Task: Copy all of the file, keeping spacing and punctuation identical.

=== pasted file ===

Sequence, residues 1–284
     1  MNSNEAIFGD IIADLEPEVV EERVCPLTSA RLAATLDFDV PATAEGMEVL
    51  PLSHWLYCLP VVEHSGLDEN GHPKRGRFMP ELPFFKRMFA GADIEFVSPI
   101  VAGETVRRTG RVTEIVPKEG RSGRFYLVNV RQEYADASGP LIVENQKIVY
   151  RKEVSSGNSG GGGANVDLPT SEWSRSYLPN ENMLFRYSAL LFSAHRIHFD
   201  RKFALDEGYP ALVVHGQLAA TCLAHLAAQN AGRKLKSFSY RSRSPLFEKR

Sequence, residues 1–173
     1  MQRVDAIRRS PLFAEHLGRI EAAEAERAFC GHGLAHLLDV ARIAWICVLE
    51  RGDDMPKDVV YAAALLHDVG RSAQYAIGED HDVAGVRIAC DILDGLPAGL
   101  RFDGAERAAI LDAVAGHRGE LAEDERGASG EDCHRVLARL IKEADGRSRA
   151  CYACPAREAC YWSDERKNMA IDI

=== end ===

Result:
Sequence, residues 1–284
     1  MNSNEAIFGD IIADLEPEVV EERVCPLTSA RLAATLDFDV PATAEGMEVL
    51  PLSHWLYCLP VVEHSGLDEN GHPKRGRFMP ELPFFKRMFA GADIEFVSPI
   101  VAGETVRRTG RVTEIVPKEG RSGRFYLVNV RQEYADASGP LIVENQKIVY
   151  RKEVSSGNSG GGGANVDLPT SEWSRSYLPN ENMLFRYSAL LFSAHRIHFD
   201  RKFALDEGYP ALVVHGQLAA TCLAHLAAQN AGRKLKSFSY RSRSPLFEKR

Sequence, residues 1–173
     1  MQRVDAIRRS PLFAEHLGRI EAAEAERAFC GHGLAHLLDV ARIAWICVLE
    51  RGDDMPKDVV YAAALLHDVG RSAQYAIGED HDVAGVRIAC DILDGLPAGL
   101  RFDGAERAAI LDAVAGHRGE LAEDERGASG EDCHRVLARL IKEADGRSRA
   151  CYACPAREAC YWSDERKNMA IDI